The Xperia X doesn't really fall into any camp as a smartphone. It's not the best-performer in any category, but it's not the cheapest of its kind either. It's lost some of the magic that Sony usually offers, and adds in some annoying bugs, but the base components of good audio and a capable camera will still win some hearts.
Dedicated camera key
Battery life could be better
Terrible keyboard recognition
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The Sony Xperia X is a curious phone. It's a handset that's not being dubbed a flagship device, but seems to be packing many of the top-end features you'd expect from such a smartphone.
Sony is pushing the X as having a killer camera with fancy new abilities to track objects in space, with the new technology designed to inspire you to capture more spontaneous images without sacrificing sharpness.
Besides that Sony is still ramming in its other high-end technology, with Hi-Res Audio upscaling and powerful screen technology, all while keeping the price tag down compared to other flagship handsets.
However, the confusing thing here is that we're not sure if this is Sony's flagship phone. That technically doesn't matter – after all, it's what you're thinking of buying right now, and you just want to know how good it is – but if you're a Sony fan there could be something better down the line if the Xperia Z6 pops up any time soon.
So, taking all this into account, what has Sony actually launched here? Is it a phone that's filled with compromises to hit a lower price tag, or is it a triumph of convergence?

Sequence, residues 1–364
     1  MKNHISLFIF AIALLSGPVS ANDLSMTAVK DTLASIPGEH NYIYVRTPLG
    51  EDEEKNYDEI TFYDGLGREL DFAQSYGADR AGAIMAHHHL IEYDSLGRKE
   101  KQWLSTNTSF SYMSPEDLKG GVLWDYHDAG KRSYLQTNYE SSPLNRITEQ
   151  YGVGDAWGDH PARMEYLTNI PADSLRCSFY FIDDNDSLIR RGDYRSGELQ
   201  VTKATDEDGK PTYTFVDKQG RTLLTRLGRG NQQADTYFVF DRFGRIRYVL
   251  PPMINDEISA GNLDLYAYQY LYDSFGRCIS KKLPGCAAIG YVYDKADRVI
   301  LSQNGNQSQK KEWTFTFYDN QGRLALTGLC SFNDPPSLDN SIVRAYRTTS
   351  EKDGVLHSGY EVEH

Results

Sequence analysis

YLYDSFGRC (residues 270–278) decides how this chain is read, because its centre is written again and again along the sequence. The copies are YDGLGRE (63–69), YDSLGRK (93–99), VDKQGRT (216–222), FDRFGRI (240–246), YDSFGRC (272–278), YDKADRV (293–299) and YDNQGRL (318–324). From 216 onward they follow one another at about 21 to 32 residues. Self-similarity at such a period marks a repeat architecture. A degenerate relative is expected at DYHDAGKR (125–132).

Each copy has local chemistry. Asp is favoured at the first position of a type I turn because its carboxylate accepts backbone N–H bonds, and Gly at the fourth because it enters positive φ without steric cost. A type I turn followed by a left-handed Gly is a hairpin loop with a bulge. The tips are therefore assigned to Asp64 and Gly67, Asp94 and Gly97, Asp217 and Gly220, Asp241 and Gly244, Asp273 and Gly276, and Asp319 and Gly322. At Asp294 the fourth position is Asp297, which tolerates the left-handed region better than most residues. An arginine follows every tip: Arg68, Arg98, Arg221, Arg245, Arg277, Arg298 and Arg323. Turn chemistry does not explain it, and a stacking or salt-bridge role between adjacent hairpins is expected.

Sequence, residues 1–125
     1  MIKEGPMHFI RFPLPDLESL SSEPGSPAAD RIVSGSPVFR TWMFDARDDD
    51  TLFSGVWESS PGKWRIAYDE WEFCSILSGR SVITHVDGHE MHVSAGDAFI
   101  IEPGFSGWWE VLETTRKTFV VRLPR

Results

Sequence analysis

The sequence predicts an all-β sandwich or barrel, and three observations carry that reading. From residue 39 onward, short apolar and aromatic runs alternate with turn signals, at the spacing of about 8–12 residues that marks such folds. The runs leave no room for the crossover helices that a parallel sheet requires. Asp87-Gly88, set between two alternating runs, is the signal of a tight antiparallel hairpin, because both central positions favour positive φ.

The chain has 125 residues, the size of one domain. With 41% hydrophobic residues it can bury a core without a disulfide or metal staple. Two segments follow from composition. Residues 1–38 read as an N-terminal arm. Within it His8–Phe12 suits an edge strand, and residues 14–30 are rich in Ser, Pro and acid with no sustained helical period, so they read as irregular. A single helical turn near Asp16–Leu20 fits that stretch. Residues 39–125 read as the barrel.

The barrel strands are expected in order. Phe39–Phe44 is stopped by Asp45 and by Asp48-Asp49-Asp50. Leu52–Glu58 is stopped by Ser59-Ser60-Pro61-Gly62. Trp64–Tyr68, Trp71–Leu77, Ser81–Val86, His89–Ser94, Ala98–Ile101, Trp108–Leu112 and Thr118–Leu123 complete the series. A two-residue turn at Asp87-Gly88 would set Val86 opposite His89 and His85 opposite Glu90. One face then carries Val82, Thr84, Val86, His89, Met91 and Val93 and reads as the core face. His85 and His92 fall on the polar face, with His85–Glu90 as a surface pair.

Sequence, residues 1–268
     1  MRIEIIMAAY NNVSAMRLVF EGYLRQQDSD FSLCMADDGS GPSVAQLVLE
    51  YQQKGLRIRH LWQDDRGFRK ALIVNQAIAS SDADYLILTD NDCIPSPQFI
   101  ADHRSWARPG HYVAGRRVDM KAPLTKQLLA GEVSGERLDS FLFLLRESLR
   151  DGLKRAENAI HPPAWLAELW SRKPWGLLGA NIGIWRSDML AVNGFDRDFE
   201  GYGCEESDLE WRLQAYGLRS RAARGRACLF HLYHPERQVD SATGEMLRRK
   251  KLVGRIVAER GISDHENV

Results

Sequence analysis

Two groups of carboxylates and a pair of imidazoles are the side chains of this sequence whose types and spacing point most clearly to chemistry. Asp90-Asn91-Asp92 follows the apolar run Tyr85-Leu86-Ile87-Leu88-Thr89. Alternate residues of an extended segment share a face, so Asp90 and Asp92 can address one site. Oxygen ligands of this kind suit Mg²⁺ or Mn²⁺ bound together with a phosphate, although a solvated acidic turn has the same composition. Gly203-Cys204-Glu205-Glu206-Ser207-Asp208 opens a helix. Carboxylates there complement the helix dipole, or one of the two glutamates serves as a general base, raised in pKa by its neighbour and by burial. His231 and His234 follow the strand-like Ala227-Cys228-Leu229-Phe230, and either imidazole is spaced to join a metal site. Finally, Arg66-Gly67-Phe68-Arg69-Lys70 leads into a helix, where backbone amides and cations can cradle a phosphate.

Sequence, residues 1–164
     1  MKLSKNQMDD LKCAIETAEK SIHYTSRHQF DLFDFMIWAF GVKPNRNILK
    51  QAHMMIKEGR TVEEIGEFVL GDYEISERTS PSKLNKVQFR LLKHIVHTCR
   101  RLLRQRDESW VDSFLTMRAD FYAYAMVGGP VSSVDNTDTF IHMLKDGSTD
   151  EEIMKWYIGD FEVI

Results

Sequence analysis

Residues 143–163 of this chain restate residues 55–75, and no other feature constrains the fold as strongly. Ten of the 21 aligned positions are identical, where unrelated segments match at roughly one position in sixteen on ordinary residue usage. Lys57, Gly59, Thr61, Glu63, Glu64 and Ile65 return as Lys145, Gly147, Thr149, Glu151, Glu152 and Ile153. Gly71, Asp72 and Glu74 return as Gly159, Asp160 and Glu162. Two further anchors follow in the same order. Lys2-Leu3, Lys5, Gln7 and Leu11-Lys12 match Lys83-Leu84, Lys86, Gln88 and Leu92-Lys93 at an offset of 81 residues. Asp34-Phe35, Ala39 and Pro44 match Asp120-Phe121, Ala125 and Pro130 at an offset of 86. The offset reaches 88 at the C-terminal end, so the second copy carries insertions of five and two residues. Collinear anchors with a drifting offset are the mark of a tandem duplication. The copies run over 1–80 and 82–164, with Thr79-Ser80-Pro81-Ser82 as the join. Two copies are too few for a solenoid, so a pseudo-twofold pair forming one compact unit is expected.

Is it the result of a brand that's spent years working out how to bring the very best features to its phones without breaking the bank, just tweaking the design to offer you a phone that lets you do what you need to do without stuffing in overly expensive components for the sake of it?
Sony Xperia X price and release date
- Released in May 2016
- Currently costs £339 SIM-free in the UK, $275 in the US
- Starts at £25 (UK) on contract but not offered in Australia
This phone started off with a SIM-free price tag of £450 in the UK and $549.99 in the US. It's since dropped to around £339 in the UK, but that's still a high price for a phone that doesn't have one of the best processors on the market.
It has also dropped to around $275 in the US, which is a huge drop and may make the phone worthwhile picking up.
It's starting at around £25 per month on contract for basic amounts of data, which seems to fit the bill for a phone that doesn't have a high-end CPU and lacks features like waterproofing that you can find on the current 'flagship' Sony phone, the Xperia Z5.
The Sony Xperia X launched in May 2016 - alongside the Xperia XA - in the UK, and is now being rolled out worldwide.
- New rolled glass sides add an attractive look to the screen
- No water resistance where older Sony phones offered this
- Boxy design isn't as comfortable to hold as other similar handsets
Sony's also going big on design on the Xperia X, curving the glass into the sides of the phone to bring a more smooth and refined appearance to things.